Quoting CALTECH (Reply 24):
Are you sure ? Barber poles are still alive on commercial carriers.

They certainly are !
The best contribution to safety is a competent Pilot.


GGg
 
mmo
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RE: Flying Faster - Possible In Case Of Emergencies?

Tue Mar 10, 2015 6:57 am

Quoting CALTECH (Reply 24):
Are you sure ? Barber poles are still alive on commercial carriers.

I can see the barber pole on both PFDs......
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TheSonntag
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RE: Flying Faster - Possible In Case Of Emergencies?

Tue Mar 10, 2015 9:01 am

Quoting Max Q (Reply 25):
I don't understand however, why the crew didn't land in Shannon. It would have been much closer than going all the way to London.

I wondered the same. Maybe, but that is just an unqualified guess, the medical facilities in London are better. Of course, in the case of a cardiac arrest, this doesn't matter much, but I have been with my wife at an Irish hospital, and while people were very friendly (and certainly qualified, too), my impression was still that Ireland is not the country where you would want to have a medical emergency (no offense intended to Irish readers).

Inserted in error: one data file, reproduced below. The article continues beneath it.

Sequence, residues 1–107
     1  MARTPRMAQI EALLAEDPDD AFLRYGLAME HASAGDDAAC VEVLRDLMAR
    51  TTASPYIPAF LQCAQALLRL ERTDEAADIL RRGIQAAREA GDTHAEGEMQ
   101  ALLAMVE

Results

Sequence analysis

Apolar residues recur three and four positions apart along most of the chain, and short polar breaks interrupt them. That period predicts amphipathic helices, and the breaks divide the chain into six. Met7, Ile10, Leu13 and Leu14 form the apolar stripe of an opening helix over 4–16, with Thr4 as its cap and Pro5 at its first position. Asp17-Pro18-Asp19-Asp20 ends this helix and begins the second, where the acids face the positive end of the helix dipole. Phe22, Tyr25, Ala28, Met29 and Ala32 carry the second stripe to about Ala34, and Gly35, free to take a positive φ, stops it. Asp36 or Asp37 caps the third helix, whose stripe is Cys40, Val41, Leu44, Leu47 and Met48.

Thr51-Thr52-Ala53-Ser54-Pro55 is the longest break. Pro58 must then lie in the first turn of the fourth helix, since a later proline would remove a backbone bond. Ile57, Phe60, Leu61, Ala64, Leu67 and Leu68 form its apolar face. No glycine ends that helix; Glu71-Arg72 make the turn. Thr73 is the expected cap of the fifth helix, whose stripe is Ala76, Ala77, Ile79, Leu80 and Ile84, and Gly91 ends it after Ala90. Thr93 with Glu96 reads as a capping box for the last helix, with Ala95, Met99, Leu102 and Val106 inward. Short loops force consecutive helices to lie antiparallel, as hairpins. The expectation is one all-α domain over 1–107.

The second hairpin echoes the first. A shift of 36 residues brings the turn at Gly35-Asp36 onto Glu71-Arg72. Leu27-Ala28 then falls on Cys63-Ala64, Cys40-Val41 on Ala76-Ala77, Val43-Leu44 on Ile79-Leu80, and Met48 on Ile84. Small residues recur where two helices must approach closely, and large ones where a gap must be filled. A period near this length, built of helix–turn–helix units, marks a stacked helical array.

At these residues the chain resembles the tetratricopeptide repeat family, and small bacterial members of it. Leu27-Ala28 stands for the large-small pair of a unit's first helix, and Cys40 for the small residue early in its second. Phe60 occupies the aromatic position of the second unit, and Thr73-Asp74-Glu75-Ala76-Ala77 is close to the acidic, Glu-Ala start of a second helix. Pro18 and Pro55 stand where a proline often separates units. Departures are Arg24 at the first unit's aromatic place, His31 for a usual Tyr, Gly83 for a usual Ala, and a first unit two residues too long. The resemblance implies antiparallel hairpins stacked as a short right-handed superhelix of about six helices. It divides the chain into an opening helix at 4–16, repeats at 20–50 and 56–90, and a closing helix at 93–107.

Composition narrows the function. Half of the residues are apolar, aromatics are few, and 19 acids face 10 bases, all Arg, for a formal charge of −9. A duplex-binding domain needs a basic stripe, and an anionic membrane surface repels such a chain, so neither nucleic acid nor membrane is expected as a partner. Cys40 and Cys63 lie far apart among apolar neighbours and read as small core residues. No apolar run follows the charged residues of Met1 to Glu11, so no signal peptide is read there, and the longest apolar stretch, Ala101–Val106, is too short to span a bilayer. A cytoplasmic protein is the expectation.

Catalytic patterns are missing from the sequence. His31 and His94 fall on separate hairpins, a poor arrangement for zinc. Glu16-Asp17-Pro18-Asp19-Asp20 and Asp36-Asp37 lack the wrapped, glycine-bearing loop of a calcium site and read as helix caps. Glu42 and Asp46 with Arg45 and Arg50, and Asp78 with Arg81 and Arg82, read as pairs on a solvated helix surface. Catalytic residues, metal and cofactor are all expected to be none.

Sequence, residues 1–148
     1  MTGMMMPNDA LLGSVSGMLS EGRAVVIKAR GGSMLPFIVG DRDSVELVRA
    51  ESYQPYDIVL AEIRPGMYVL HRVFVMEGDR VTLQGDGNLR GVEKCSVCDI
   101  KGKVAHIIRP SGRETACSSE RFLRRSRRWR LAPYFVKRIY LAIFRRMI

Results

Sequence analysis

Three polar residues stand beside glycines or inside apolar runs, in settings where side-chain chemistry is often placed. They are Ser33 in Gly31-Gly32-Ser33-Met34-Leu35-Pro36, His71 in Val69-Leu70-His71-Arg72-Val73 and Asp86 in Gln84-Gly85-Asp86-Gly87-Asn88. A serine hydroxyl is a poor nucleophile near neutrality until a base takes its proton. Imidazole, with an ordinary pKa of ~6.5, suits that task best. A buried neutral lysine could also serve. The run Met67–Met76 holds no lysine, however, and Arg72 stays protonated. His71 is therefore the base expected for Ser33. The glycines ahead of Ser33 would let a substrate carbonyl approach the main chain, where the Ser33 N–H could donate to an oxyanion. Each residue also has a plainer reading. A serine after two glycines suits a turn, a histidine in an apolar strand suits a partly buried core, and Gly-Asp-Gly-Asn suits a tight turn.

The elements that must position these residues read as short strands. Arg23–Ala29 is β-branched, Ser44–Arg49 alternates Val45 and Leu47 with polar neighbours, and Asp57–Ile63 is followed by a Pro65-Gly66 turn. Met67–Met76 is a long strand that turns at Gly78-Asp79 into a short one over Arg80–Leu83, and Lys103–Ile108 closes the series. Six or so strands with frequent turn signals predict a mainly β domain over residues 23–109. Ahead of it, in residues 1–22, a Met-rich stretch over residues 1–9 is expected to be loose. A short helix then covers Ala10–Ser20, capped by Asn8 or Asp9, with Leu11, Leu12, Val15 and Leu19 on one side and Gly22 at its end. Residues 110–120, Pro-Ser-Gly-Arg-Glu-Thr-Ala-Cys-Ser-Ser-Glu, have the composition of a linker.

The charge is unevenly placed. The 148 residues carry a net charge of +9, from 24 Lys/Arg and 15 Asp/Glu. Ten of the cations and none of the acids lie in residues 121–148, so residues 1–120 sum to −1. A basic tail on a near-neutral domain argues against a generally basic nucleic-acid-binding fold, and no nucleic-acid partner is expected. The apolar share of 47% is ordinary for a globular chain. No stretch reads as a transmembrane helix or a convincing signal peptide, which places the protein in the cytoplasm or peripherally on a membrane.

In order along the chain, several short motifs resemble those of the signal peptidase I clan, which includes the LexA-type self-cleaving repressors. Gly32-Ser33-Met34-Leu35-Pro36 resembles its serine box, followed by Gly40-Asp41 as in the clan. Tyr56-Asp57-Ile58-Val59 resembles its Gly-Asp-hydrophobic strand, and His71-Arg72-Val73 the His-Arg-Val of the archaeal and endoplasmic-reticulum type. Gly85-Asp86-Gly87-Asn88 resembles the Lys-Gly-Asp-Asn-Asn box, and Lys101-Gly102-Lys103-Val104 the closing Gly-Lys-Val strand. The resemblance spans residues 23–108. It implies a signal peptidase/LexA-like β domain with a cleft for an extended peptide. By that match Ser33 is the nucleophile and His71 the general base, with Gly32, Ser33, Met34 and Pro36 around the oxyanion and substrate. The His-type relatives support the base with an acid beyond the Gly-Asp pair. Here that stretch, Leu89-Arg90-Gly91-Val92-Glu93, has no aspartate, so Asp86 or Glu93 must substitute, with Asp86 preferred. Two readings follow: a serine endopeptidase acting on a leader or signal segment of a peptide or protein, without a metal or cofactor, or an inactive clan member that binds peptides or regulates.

FlyHossD
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RE: Flying Faster - Possible In Case Of Emergencies?

Tue Mar 10, 2015 4:30 pm

Quoting TheSonntag (Reply 22):
What about checklists - are there special checklists in place for medical diversions, especially if you want to get down fast?

While there are checklists for emergency descents (loss of pressurization, for example), but that wouldn't be appropriate here.

In the case of my story, I assigned the relief pilot to coordinate with the flight attendants and MedLink regarding the ill passenger so that I and the F.O. could concentrate on flying the airplane. Up to that moment, the relief pilot had been in the right seat, but I wanted him to be able to communicate with the cabin crew and MedLink all the way to the ground, so we put the F.O. back into his seat a bit earlier than planned (the ill passenger's condition continued to worsen). That set-up worked well and I sent a letter of commendation to the Chief Plot for both the F.O. and relief pilot for their performance.
My statements do not represent my former employer or my current employer and are my opinions only.
 
BravoOne
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RE: Flying Faster - Possible In Case Of Emergencies?

Tue Mar 10, 2015 4:41 pm

Quoting CALTECH (Reply 24):
Quoting CALTECH (Reply 24):
Are you sure ? Barber poles are still alive on commercial carriers.

We just called that the "zipper" on the MD11